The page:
Simon Willison’s Weblog

Items in Apr

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Weeknotes: Archiving coronavirus.data.gov.uk, custom pages and directory configuration in Datasette, photos-to-sqlite

I mainly made progress on three projects this week: Datasette, photos-to-sqlite and a cleaner way of archiving data to a git repository.

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If microservices are implemented incorrectly or used as a band-aid without addressing some of the root flaws in your system, you’ll be unable to do new product development because you’re drowning in the complexity.

Alexandra Noonan # 29th April 2020, 5:56 pm

The biggest thing people don’t appreciate about large companies is the basic productive unit isn’t an individual it is an engineering team with about ~8 members.

Patrick McKenzie # 29th April 2020, 6:39 am

Bill Gates’s vision for life beyond the coronavirus. Fascinating interview with Bill Gates—the most interesting and informative article I’ve read about Covid-19 in quite a while. # 28th April 2020, 1:01 am

Spotify introduced the vocabulary of missions, tribes, squads, guilds, and chapter leads for describing its way of working. It gave the illusion it had created something worthy of needing to learn unusual word choices. However, if we remove the unnecessary synonyms from the ideas, the Spotify model is revealed as a collection of cross-functional teams with too much autonomy and a poor management structure.

Jeremiah Lee # 24th April 2020, 9:57 pm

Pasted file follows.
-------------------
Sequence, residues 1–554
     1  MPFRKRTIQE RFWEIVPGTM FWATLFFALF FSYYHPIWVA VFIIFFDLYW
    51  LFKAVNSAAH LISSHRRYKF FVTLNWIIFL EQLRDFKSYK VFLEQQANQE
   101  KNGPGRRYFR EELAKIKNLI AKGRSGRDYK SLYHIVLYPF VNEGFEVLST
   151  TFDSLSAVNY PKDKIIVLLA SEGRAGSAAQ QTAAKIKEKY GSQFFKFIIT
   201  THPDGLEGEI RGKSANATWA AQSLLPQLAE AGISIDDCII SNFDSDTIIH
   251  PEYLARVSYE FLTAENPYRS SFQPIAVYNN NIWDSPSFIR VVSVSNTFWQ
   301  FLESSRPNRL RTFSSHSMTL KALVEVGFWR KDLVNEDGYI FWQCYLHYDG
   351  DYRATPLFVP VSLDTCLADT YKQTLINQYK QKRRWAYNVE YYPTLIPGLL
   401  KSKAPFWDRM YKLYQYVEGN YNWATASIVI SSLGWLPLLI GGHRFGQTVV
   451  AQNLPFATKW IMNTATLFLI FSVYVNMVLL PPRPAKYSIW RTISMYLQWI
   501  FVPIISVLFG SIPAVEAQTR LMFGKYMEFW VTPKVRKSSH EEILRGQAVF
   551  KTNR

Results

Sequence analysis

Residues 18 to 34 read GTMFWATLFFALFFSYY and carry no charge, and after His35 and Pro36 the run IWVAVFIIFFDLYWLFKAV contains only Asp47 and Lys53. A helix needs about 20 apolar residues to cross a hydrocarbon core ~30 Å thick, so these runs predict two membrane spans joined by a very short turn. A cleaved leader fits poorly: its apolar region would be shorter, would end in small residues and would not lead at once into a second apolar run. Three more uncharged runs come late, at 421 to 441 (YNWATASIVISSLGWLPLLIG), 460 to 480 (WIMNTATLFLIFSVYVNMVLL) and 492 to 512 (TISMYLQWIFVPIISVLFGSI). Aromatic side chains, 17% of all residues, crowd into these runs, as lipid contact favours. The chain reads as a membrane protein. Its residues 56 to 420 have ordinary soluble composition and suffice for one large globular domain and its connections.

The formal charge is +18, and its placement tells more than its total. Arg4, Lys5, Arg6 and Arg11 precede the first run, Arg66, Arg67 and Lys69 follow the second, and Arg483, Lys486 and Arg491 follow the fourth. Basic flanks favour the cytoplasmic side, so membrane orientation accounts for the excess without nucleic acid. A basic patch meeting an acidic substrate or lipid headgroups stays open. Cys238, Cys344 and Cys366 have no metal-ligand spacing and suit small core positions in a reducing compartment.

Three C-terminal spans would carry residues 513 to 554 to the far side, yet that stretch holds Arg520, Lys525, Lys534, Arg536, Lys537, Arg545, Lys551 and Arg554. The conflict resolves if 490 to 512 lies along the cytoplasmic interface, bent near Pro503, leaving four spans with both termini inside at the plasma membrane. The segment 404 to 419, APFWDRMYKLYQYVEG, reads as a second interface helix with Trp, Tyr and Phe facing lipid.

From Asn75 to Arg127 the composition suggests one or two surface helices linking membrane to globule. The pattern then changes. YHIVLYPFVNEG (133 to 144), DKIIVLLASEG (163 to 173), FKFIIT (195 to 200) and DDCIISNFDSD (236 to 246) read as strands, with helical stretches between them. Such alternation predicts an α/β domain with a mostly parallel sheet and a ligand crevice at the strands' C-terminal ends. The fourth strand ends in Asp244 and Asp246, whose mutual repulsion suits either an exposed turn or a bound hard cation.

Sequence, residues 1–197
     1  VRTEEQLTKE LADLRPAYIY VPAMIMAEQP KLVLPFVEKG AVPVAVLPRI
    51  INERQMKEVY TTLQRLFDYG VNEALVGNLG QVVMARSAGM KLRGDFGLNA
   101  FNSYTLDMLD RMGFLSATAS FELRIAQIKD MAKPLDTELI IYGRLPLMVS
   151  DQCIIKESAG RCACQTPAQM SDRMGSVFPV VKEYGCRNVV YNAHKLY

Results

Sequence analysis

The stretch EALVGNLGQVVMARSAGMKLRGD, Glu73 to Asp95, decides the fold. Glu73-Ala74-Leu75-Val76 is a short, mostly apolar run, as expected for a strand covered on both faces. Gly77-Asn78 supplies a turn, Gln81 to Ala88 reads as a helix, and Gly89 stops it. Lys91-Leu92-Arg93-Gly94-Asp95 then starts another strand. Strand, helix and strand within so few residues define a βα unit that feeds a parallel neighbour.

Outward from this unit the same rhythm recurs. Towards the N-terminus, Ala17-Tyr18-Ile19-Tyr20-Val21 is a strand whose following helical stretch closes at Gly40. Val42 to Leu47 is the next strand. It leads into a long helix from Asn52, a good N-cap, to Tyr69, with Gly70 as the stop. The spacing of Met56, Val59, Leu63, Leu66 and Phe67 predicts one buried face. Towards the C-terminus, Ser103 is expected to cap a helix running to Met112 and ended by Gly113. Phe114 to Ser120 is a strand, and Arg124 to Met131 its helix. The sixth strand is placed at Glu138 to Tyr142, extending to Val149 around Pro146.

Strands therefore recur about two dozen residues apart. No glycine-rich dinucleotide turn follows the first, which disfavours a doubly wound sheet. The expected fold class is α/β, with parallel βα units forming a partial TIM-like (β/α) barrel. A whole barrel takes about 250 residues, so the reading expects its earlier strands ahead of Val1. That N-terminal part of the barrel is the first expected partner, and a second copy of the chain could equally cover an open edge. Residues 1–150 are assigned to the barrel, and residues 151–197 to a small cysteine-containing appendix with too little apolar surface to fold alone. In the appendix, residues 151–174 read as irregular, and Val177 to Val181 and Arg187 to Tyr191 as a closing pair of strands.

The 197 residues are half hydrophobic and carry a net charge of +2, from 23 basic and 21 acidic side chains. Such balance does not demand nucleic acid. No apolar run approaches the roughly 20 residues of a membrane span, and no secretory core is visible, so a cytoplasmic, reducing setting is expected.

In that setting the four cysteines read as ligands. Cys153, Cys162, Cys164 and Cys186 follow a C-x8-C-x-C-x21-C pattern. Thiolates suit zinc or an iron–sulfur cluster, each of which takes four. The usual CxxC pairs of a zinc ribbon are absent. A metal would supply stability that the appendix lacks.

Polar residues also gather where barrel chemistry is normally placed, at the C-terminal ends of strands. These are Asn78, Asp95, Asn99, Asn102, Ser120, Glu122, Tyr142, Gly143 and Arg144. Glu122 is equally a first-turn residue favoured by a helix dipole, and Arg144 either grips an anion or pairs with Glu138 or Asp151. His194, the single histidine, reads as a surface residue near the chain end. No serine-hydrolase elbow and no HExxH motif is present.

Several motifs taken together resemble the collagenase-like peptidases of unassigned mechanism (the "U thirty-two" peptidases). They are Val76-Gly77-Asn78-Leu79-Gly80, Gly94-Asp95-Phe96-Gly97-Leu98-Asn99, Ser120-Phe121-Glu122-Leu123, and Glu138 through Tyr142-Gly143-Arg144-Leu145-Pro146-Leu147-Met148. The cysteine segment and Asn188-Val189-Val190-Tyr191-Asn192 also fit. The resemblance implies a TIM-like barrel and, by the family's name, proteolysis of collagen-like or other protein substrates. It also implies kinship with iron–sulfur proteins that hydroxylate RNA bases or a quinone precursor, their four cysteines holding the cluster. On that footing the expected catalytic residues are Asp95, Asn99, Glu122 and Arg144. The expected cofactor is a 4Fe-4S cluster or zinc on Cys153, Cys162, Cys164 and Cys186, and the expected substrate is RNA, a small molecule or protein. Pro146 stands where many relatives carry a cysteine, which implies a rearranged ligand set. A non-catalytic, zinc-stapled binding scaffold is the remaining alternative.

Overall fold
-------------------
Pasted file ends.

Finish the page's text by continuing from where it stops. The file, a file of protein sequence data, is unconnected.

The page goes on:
Restricting SSH connections to devices within a Tailscale network. TIL how to run SSH on a VPS instance (in this case Amazon Lightsail) such that it can only be SSHd to by devices connected to a private Tailscale VPN. # 23rd April 2020, 6:28 pm

Weeknotes: Datasette 0.40, various projects, Dogsheep photos

A new release of Datasette, two new projects and progress towards a Dogsheep photos solution.

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98.css (via) This is pretty beautiful: a CSS library that meticulously styles HTML form elements to look like the Windows 98 interface. # 22nd April 2020, 4:22 am

Estimating COVID-19’s Rt in Real-Time. I’m not qualified to comment on the mathematical approach, but this is a really nice example of a Jupyter Notebook explanatory essay by Kevin Systrom. # 20th April 2020, 3:06 pm

Using a self-rewriting README powered by GitHub Actions to track TILs

I’ve started tracking TILs—Today I Learneds—inspired by this five-year-and-counting collection by Josh Branchaud on GitHub (found via Hacker News). I’m keeping mine in GitHub too, and using GitHub Actions to automatically generate an index page README in the repository and a SQLite-backed search engine.

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How Super Graph compiles GraphQL to a single SQL query. Super Graph is a GraphQL server that compiles arbitrarily nested GraphQL queries to “a single fast SQL query”. I’ve always wondered how that could possible work, so I asked author Vikram Rangnekar for an example of a compiled query—it turns out it uses a brilliant sequence of JSON aggregations to glue together results from nested subqueries and left outer joins. # 16th April 2020, 10:52 pm